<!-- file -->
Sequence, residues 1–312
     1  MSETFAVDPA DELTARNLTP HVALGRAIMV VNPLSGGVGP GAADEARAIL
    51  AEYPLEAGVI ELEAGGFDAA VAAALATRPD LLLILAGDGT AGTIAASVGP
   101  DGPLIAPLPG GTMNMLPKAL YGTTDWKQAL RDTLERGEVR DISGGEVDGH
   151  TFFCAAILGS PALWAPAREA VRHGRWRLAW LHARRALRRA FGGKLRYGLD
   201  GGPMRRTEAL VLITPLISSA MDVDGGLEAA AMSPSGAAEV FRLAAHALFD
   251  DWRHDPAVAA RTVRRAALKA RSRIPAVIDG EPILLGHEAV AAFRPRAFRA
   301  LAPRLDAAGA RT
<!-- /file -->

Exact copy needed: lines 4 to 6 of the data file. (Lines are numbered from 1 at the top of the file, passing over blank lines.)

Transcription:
   101  DGPLIAPLPG GTMNMLPKAL YGTTDWKQAL RDTLERGEVR DISGGEVDGH
   151  TFFCAAILGS PALWAPAREA VRHGRWRLAW LHARRALRRA FGGKLRYGLD
   201  GGPMRRTEAL VLITPLISSA MDVDGGLEAA AMSPSGAAEV FRLAAHALFD